Users are organized into Groups to allow multiple accounts to interact with resources within the Linux File System. Each group is identified by a unique GID (group ID). Remember that each user can be part of one primary group and up to 15 secondary groups
   Just like in Windows, each file will have permissions assigned for several entities. In Linux, these entities are: owner, group and others. It's important to understand that each file will have these three permission categories assigned. Further more, each process running in Linux is executed using an UID and GID which basically sets the process permissions within the OS.
   The UID is a unique number that is below or equal to 2147483647. UID can be divided into three categories:
0 - super user account (root)
100, 500 or 1000 - depending on the distribution standard services and applications will require a service user to execute them. Remember that these accounts will normally not support interactive login and are used to serve as service accounts only.
above 1000 - Standard user accounts

There are several files which are responsible for storing the username, password and group information:
Linux passwd file/etc/passwd – username database
/etc/shadow – users password database
/etc/group – group database
/etc/gshadow – group password database
You can view the contents of any of these files by executing the cat command. Let's take for example passwd file which stores the System usernames: cat /etc/passwd

Each database entry is composed of several elements:
username:x:UID:GID:comment:home_directory:login_shell
  • x - password field used in older Linux distributions, System passwords are now stored in /etc/shadow database
  • comment - used to add a description for a particular user
  • login_shell - default shell used by users when interacting with the Operating System.
Let's take a look in the password file using the same command: cat /etc/shadow
Each entry in the database is composed of several items:
loginID:password:lastchg:min:max:warn:inactive:expire:
    Linux shadow file
  • loginID - username which corresponds to an entry in the passwd file
  • password - password hash
  • latchg - the last date when the password was changed
  • the min, max values are the minimum and maximum days that must pass before the password can/must be changed
  • warn - a warning message can be set before the password expires
  • inactive - number of inactive days before the account is locked
  • expire - account expiration date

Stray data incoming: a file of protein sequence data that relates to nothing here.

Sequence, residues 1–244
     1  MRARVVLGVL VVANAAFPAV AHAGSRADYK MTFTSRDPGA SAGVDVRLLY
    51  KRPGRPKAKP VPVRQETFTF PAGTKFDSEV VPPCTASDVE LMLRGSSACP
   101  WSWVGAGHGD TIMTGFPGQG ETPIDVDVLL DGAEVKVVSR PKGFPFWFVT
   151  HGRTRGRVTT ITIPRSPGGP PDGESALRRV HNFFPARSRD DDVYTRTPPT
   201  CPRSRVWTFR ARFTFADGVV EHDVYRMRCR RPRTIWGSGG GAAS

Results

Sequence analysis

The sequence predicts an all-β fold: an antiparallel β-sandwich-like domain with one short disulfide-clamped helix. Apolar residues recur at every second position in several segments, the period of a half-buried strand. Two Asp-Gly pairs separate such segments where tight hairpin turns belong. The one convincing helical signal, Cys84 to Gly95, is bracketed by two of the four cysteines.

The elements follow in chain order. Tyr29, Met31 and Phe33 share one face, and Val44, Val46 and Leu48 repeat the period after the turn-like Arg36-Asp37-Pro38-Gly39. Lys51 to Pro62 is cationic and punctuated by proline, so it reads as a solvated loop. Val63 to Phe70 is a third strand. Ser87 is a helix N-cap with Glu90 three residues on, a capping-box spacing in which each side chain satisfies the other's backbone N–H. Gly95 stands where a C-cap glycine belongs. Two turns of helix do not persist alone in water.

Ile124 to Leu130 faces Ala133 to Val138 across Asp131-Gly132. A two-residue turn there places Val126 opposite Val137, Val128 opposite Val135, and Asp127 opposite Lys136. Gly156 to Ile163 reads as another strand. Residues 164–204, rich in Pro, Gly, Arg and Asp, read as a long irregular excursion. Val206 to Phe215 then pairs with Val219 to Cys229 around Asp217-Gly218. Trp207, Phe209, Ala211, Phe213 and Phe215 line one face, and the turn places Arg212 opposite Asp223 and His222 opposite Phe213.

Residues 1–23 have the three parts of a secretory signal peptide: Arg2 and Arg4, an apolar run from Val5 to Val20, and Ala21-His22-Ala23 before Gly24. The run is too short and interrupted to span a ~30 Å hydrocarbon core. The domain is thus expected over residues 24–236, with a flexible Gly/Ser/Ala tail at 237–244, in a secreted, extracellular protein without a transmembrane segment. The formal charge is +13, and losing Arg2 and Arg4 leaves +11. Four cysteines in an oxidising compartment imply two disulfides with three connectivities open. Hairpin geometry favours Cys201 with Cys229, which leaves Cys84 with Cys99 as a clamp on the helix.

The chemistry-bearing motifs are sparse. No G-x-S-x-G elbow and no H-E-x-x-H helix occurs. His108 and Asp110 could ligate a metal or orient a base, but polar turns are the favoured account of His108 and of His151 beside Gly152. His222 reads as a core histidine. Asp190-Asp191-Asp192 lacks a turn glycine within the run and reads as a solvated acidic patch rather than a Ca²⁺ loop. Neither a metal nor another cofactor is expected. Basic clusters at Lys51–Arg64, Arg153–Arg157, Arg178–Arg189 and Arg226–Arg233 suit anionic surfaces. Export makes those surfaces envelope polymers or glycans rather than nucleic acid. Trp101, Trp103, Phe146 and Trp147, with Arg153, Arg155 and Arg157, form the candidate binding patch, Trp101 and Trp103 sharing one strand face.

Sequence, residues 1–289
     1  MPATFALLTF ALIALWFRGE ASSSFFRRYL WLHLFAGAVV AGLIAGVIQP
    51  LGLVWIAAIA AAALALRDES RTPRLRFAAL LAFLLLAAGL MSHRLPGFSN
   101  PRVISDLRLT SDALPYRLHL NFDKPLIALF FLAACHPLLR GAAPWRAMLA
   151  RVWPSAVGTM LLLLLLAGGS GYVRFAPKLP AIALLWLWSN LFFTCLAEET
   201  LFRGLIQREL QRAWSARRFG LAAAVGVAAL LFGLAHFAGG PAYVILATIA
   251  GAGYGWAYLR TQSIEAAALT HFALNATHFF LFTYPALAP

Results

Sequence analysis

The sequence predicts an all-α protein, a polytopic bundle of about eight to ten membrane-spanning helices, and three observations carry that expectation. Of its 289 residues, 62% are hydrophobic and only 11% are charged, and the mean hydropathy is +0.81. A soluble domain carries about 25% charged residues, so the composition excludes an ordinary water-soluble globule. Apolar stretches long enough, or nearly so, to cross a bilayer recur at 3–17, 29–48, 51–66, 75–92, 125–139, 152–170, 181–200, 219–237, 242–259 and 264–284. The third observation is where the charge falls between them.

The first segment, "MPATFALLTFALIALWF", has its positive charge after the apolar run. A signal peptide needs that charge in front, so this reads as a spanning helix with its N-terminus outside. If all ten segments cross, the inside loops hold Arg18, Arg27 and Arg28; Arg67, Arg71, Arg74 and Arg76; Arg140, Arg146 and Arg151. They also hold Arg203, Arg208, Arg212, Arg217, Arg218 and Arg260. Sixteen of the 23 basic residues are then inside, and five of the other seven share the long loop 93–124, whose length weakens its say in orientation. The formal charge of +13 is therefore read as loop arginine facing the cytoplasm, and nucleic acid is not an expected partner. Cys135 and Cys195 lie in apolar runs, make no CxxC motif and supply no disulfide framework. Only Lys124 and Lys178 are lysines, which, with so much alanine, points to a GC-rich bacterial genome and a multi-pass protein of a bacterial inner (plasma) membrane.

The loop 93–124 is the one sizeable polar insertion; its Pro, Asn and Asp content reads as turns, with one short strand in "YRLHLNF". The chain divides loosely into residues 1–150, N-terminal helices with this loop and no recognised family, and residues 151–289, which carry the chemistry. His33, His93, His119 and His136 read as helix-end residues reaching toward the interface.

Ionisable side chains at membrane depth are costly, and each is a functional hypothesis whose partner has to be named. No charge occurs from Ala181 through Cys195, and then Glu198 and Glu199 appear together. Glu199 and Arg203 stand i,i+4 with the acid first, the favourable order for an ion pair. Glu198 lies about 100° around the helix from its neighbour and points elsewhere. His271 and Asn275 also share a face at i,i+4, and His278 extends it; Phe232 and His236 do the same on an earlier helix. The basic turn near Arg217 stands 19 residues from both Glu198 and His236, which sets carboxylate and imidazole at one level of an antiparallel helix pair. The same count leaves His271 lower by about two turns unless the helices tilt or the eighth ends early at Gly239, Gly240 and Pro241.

Linux group file
The group database includes secondary groups for each account. Type cat /etc/group to visualize its content.

As you can see from the command's output, each entry is composed of the following fields:
groupname:group-password:GID:username-list
The username-list contains users that are part of that particular group.

Below you will find the main commands used to interact with usernames, groups and passwords
useradd,userdel,usermod – add/delete/modify users
groupadd, groupdel, groupmod – add/delete/modify groups
passwd – tool to change user's passwords
The following commands are used to interact with specific fields from the shadow and passwd databases: chfnchpasswdchagechsh

Useradd - command supports multiple parameters, I will point out some of these parameters:
-s - default shell used by the user
-c - additional comment can be set
-g - primary group of the user

-G - secondary groups

-u - sets the user's UID
-d - specifies the personal directory of the user
-m - creates the home directory
-U - creates a group that has the same name
Example: useradd -u 2014 -d /home/user1 -m -s /bin/bash -U user1
To explore all parameters for this command type man useradd or useradd --help:
Useradd command

Linux useradd command
We can set default parameters used when executing useradd command by editing the /etc/default/useradd file. You can used the -D parameter to visualize and interact with the default parameters used with this command. The command also supports so called skeleton directory which contain default configuration file for the user's environment. The skeleton directory can be set using SKEL=/etc/skel or useradd -k /path/to/skel. You can configure standard configuration files for different applications: bash,

.bashrc, .bash_history, .bash_profile, .inputrc, .vimrc, etc.


The usermod command supports similar parameters as useradd and it's used to change different fields from the username database. It would be good to remember the following parameters:
Usermod command
-U - unlock user account.
-L - lock user account. When a user is locked, a "!" symbol will be placed before its password in the /etc/shadow file. When a user is unlocked, the "!" character disappears:
Linux Usermod command
Linux passwd command

To change a user's password type passwd username. Let's take the newly created user and set a new password: passwd user1


Linux Userdel command
To delete an existing username, execute the following command: userdel username. The command with any parameters will delete the user from the passwd and shadow files but, will not delete its home directory. To include the home directory deletion in the command execution, add the -r parameter

That's about it for this article folks, please share your thoughts about it and don't forget to share it to others. If you have any suggestions regarding this topic don't hesitate to use my comments dedicated section. Wish you all the best and don't forget to enjoy your day!